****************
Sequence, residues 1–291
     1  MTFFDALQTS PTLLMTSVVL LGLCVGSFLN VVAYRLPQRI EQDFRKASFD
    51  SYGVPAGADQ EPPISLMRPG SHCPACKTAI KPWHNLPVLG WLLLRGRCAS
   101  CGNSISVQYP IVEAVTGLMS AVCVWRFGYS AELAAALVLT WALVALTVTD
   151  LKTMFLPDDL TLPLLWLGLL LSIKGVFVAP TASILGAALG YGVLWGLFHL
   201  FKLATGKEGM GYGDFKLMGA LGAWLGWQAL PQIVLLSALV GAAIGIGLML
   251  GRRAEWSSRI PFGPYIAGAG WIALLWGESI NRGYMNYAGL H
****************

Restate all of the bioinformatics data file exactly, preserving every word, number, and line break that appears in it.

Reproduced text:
Sequence, residues 1–291
     1  MTFFDALQTS PTLLMTSVVL LGLCVGSFLN VVAYRLPQRI EQDFRKASFD
    51  SYGVPAGADQ EPPISLMRPG SHCPACKTAI KPWHNLPVLG WLLLRGRCAS
   101  CGNSISVQYP IVEAVTGLMS AVCVWRFGYS AELAAALVLT WALVALTVTD
   151  LKTMFLPDDL TLPLLWLGLL LSIKGVFVAP TASILGAALG YGVLWGLFHL
   201  FKLATGKEGM GYGDFKLMGA LGAWLGWQAL PQIVLLSALV GAAIGIGLML
   251  GRRAEWSSRI PFGPYIAGAG WIALLWGESI NRGYMNYAGL H